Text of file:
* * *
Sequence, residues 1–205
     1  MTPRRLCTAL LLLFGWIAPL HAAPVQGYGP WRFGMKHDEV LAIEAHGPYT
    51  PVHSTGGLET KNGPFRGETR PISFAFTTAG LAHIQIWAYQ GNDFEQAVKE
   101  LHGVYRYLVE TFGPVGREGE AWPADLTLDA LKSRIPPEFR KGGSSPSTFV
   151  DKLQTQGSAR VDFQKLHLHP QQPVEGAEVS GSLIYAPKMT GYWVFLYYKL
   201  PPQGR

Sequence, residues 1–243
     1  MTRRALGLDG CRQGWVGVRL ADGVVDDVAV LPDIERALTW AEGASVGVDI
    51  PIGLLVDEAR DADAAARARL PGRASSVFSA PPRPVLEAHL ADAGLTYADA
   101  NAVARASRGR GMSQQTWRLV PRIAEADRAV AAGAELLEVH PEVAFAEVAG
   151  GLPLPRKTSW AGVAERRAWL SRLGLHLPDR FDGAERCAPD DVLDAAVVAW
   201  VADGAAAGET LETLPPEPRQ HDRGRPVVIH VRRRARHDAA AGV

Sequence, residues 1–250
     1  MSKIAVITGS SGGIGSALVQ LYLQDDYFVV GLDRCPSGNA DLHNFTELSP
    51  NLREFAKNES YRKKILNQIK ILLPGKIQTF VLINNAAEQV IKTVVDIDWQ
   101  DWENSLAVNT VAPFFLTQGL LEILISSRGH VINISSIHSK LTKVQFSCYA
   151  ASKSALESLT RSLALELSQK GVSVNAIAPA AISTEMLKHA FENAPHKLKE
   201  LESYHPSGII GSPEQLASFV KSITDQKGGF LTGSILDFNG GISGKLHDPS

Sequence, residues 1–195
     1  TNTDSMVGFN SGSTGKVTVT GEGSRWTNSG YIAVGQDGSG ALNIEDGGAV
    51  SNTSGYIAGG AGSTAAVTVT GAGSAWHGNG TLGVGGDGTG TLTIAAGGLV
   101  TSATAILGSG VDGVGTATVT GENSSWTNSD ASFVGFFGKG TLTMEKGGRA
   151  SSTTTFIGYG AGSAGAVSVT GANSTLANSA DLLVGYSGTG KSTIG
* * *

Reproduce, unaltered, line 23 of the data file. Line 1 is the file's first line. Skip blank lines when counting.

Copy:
   151  SSTTTFIGYG AGSAGAVSVT GANSTLANSA DLLVGYSGTG KSTIG